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Tarmac rule declared a success with 6 months data

0 tarmac delays of over 3 hours in October

Dec 07, 2010

NAPA, Calif. - Today newly released data from Department of Transportation clearly demonstrates significant success for the DOT's 3 hour tarmac rule, enacted April 29, 2010. The commercial airlines continue to claim that the 3 Hour Rule, which requires that commercial aircraft return to the gate after a period of 3 hours of delay on the tarmac, would cause mass cancellations and virtual Armageddon for airline passengers. While the new consumer protections have only been in place since April, it is clear that these rules are working as intended, to protect passengers.

The October data is extraordinary; there were zero tarmac delays of over 3 hours down from 11 in 2009, and flight cancellations were reduced from .99% in October of 2009 to .97% for October of 2010.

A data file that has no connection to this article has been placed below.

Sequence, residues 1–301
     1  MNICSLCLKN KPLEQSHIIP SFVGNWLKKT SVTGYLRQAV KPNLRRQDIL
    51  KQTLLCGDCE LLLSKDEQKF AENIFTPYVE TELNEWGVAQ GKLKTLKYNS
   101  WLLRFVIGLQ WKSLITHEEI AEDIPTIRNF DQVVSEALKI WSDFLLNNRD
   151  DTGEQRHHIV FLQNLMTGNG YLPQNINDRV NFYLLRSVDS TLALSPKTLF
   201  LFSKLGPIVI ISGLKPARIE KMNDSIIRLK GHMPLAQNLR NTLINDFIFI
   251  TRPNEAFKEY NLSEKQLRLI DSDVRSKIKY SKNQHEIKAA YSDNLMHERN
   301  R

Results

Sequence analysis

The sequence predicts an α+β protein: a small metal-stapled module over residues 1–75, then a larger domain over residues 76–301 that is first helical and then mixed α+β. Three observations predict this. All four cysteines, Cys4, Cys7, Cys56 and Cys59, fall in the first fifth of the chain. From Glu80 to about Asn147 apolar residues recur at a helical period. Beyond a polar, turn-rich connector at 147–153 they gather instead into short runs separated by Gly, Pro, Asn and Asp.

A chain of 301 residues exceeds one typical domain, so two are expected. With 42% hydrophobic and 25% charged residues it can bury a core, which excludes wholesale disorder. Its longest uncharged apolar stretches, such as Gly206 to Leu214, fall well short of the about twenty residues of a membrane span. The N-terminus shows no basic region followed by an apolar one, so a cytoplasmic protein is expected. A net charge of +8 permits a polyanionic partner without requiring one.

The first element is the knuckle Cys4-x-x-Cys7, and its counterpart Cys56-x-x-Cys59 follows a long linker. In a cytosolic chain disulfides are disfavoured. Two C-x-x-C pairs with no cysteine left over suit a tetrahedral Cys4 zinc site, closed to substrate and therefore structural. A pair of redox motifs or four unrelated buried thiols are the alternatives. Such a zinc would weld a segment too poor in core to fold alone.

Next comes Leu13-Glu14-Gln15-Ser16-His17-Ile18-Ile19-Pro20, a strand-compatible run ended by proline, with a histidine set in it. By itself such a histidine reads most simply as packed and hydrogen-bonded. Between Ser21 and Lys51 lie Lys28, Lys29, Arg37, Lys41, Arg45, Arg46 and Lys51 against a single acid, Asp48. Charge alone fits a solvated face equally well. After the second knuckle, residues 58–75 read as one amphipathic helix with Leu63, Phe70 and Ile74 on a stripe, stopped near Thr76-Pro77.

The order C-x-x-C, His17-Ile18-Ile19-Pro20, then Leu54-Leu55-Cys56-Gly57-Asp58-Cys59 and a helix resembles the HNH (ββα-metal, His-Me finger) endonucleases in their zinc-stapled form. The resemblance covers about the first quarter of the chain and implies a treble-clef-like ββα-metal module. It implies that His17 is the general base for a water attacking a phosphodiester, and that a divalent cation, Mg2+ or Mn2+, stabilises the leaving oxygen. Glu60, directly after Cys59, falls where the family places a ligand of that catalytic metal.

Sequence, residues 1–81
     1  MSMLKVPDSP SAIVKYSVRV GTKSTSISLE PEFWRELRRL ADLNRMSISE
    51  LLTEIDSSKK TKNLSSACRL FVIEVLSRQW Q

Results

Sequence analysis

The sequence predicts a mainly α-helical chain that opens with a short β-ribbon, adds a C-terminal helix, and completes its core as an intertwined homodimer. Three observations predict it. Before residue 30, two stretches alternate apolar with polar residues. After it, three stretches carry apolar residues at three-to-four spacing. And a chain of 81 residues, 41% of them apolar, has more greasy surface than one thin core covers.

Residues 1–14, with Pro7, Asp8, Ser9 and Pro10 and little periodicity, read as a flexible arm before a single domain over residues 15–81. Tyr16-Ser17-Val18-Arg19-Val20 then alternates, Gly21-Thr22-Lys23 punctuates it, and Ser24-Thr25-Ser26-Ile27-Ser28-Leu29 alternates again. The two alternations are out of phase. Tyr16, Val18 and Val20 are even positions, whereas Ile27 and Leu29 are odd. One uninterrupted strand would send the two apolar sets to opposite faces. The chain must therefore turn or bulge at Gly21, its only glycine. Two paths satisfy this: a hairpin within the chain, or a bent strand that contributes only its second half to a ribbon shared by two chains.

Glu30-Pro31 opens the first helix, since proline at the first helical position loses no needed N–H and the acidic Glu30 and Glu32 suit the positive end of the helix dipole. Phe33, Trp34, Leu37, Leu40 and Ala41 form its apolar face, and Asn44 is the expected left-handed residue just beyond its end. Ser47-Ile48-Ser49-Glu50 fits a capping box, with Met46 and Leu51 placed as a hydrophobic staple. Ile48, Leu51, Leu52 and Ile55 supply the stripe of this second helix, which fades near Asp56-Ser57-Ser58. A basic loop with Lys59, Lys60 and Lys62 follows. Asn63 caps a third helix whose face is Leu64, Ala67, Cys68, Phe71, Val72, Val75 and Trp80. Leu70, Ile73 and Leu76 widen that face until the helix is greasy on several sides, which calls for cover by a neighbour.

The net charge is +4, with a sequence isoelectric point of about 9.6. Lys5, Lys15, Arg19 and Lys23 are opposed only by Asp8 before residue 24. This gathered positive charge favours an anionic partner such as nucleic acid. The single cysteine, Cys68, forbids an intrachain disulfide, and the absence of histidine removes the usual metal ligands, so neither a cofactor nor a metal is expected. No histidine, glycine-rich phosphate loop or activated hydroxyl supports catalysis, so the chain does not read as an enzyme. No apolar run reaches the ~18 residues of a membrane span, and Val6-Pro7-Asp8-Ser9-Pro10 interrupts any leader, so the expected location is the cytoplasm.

According to the latest data, for the same 6 month period in 2009 there were 546 tarmac delays of over 3 hours compared to the same 6 month period in 2010, when we've seen only 12. To see the latest DOT data:

"3 hour tarmac strandings are nearly eliminated because of the new rule, and the number of cancellations is actually down from the 15 year 6 month average of 1.78% (excluding September 2001) to 1.17% for the same 6 month period in 2010; that's a huge decrease in overall cancellations," said Kate Hanni, Founder of "The reality of the rule is that it has made the airlines do the right thing and made travel better and more humane for everyone‚ÄĒit's proof that protecting passengers can be both efficient and good business."

"The DOT has hit a home run with the 3 hour rule. We hope they move swiftly to announce their new rule further enhancing airline passengers rights."

"The new Congress should move quickly to both include the airline passengers bill of rights in the FAA Modernization Bill and pass it quickly so that airline passengers have permanent, enforceable and sustainable rights," said Kate Hanni.

0 tarmac delays of over 3 hours in October
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